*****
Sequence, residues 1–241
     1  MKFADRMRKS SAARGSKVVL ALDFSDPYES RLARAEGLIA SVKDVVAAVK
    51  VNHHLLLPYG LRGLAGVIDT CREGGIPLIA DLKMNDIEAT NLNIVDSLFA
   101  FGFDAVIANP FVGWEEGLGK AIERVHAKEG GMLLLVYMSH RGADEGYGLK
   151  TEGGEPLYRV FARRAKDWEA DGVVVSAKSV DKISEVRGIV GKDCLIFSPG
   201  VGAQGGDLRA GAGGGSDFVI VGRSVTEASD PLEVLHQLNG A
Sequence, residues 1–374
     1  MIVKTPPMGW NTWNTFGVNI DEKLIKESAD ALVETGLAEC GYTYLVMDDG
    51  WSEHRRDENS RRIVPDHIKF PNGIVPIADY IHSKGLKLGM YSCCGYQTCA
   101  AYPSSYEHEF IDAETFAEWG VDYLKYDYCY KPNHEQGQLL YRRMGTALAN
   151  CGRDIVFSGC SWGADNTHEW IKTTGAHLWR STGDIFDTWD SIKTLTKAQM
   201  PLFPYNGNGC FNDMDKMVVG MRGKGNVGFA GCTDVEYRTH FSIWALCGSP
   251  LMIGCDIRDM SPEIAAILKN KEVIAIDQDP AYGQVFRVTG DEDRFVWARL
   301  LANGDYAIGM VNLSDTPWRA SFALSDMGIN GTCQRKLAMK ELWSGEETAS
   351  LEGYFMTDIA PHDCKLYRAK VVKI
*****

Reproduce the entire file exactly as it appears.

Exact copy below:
Sequence, residues 1–241
     1  MKFADRMRKS SAARGSKVVL ALDFSDPYES RLARAEGLIA SVKDVVAAVK
    51  VNHHLLLPYG LRGLAGVIDT CREGGIPLIA DLKMNDIEAT NLNIVDSLFA
   101  FGFDAVIANP FVGWEEGLGK AIERVHAKEG GMLLLVYMSH RGADEGYGLK
   151  TEGGEPLYRV FARRAKDWEA DGVVVSAKSV DKISEVRGIV GKDCLIFSPG
   201  VGAQGGDLRA GAGGGSDFVI VGRSVTEASD PLEVLHQLNG A
Sequence, residues 1–374
     1  MIVKTPPMGW NTWNTFGVNI DEKLIKESAD ALVETGLAEC GYTYLVMDDG
    51  WSEHRRDENS RRIVPDHIKF PNGIVPIADY IHSKGLKLGM YSCCGYQTCA
   101  AYPSSYEHEF IDAETFAEWG VDYLKYDYCY KPNHEQGQLL YRRMGTALAN
   151  CGRDIVFSGC SWGADNTHEW IKTTGAHLWR STGDIFDTWD SIKTLTKAQM
   201  PLFPYNGNGC FNDMDKMVVG MRGKGNVGFA GCTDVEYRTH FSIWALCGSP
   251  LMIGCDIRDM SPEIAAILKN KEVIAIDQDP AYGQVFRVTG DEDRFVWARL
   301  LANGDYAIGM VNLSDTPWRA SFALSDMGIN GTCQRKLAMK ELWSGEETAS
   351  LEGYFMTDIA PHDCKLYRAK VVKI